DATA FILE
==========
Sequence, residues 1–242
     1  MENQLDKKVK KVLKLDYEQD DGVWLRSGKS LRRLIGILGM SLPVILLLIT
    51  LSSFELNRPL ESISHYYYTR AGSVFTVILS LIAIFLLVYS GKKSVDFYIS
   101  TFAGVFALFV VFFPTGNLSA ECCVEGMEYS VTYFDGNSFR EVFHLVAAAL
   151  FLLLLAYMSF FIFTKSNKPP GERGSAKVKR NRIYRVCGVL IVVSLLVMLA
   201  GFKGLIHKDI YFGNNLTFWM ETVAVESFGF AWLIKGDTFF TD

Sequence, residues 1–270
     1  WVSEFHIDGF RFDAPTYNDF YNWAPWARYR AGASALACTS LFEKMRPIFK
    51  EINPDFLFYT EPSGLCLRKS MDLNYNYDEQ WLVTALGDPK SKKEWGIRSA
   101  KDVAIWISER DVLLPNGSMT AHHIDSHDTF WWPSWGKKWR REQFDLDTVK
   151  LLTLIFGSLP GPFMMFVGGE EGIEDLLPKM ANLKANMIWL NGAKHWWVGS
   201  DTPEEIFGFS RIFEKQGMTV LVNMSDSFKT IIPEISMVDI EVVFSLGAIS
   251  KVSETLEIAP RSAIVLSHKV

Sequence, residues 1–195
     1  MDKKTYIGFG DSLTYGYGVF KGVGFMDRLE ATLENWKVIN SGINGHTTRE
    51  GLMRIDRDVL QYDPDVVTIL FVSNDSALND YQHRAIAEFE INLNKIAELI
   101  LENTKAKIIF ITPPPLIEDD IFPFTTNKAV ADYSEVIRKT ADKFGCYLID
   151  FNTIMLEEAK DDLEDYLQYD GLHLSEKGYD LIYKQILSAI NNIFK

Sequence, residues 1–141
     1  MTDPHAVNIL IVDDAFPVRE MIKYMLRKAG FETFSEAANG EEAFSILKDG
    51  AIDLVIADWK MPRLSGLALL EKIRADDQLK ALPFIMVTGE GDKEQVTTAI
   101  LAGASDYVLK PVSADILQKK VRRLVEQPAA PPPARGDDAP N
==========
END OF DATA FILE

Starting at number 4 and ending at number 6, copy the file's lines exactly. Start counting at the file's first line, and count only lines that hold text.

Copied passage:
   101  TFAGVFALFV VFFPTGNLSA ECCVEGMEYS VTYFDGNSFR EVFHLVAAAL
   151  FLLLLAYMSF FIFTKSNKPP GERGSAKVKR NRIYRVCGVL IVVSLLVMLA
   201  GFKGLIHKDI YFGNNLTFWM ETVAVESFGF AWLIKGDTFF TD